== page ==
In-Depth

Choose the Right Preventive Security Technologies

Ensuring maximum asset availability requires multiple layers of security working in concert to protect against intrusions, enforce usage policies, and allow machines to remain resilient to attacks - even when patching is not an option.

IT managers can choose from a wide range of hardware and software solutions to prevent worms, viruses, and other attacks. Regardless of approach, however, the true value of any solution is best measured by how well it ensures asset availability and enhances business continuity.

A security solution must do more than merely detect and prevent attacks. It must actually prevent downtime of any sort for the machine. Machine unavailability can be caused by many events, including compromise due to a policy violation; taking machines offline (for example, when platforms are no longer supported by their vendors and no longer receive security hotfixes or support); and patching.

Most security breaches are a result of an "internal" compromise. This can include end users—rogue and naive alike—misconfiguring devices and programs and thus unknowingly propagating malicious code, or purposefully disclosing proprietary business information.

A recent study performed by CompTIA concluded that human error is the leading cause of security breaches, encompassing nearly half of all incidents. A combination of human error and technical malfunction is a close second. Compounding this trend is the reality that only half of the organizations surveyed have a written IT security policy in place. A solution that can enforce policies can limit attacks and associated downtime significantly.

Unfortunately, not all organizations can afford to upgrade their Windows servers to newer, more advanced versions. Some face government regulations restricting changes to production processes, including operating systems used. Intensifying this challenge is the suspension of support—hotfix support, in particular—for discontinued platforms. These systems and applications become wide open for targeted cyber attacks, creating, in effect, an attack surface that cannot be protected. Organizations are left with two undesirable options: 1) leave the affected machines online and hope they're not compromised by attack, which is highly unlikely; or 2) take them offline during the planned migration, creating unavailability for critical business applications and services.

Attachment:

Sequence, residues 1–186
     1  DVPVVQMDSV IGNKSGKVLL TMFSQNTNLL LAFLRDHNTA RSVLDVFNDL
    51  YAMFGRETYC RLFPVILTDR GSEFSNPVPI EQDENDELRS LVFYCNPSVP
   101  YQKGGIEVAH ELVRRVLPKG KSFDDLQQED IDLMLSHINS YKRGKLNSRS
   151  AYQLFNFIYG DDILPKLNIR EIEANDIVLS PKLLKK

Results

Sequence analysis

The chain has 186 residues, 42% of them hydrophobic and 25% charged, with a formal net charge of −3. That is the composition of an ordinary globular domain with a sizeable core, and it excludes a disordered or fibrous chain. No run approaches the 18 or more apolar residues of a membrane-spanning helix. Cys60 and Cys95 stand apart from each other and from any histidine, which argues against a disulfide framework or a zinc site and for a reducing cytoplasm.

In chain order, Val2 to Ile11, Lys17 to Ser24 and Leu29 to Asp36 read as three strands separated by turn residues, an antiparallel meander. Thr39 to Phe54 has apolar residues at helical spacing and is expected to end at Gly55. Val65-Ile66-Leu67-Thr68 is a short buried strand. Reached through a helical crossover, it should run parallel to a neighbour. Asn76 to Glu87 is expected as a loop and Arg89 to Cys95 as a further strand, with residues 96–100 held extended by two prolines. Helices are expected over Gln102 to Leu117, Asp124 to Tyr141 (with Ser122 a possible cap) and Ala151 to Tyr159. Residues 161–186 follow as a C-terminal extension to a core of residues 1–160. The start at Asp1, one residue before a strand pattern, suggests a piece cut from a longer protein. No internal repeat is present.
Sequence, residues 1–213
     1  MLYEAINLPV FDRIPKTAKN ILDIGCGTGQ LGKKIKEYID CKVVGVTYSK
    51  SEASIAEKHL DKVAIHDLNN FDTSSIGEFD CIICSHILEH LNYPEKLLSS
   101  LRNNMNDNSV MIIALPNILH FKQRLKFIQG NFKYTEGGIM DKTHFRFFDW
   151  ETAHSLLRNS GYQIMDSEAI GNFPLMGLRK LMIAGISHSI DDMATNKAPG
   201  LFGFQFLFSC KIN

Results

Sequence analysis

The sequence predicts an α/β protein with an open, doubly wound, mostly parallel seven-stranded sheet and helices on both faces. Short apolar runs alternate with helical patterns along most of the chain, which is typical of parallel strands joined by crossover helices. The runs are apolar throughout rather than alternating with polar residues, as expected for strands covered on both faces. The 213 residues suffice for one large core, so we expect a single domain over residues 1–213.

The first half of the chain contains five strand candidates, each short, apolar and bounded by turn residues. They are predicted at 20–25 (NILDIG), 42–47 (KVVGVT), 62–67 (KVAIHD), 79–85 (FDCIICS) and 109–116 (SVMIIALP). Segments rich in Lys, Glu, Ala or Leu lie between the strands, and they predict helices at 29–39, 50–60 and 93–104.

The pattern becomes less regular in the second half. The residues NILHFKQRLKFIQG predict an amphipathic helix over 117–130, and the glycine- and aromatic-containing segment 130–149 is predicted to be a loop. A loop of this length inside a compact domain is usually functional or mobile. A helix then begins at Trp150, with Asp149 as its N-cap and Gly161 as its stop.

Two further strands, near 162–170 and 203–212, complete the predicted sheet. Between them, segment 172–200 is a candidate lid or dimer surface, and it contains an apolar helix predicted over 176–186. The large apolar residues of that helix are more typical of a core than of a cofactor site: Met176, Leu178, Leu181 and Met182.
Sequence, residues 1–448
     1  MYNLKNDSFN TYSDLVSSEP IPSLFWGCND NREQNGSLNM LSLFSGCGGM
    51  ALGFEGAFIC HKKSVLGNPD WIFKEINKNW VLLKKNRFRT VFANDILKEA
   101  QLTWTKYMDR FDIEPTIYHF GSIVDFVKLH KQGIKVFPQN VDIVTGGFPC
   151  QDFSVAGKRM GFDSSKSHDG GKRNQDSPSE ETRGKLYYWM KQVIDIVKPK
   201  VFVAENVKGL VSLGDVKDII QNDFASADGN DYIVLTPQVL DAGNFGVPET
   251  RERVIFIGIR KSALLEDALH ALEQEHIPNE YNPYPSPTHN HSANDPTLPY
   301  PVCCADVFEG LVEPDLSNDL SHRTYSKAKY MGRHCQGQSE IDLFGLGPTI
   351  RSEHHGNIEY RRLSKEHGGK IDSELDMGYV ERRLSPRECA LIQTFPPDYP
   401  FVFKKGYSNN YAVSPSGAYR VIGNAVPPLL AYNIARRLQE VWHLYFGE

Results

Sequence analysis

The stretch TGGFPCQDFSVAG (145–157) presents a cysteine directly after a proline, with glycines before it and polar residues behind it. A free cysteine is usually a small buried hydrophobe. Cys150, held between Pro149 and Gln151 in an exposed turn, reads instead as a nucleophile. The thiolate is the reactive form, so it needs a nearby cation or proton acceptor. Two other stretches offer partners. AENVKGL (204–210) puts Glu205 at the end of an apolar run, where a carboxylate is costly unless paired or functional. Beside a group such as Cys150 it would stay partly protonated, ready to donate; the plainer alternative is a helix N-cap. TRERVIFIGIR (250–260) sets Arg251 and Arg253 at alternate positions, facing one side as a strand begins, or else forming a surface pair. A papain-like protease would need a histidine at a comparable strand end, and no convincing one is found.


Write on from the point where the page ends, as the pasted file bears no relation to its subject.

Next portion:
In theory, the frequency and ease with which vendors make patches available would seem to facilitate a more secure enterprise. In practice, however, organizations are faced with the daunting reality of testing, deploying, and verifying myriad patch installations. Under the best of circumstances, this process requires a combination of process and technology to minimize business disruption and associated costs.

Unfortunately, the rapidly shrinking window to install patches means patch deployments are rarely carried out under the best of circumstances. Frequently, security and IT teams are forced into panic patching systems without the proper testing and validation. This hurried approach results in tangible losses in end-user productivity, business disruptions, and related IT resource drain. An effective security solution should make machines resilient to attacks, even without the presence of the necessary patch, so IT teams can patch according to their timetables, saving costs and increasing business continuity.

Ensuring maximum asset availability requires multiple layers of security working in concert to protect against intrusions, enforce usage policies, and allow machines to remain resilient to attacks—even when patching is not an option. These layers should be combined into a single, integrated solution residing on the end-point assets in order to work as seamlessly as possible.

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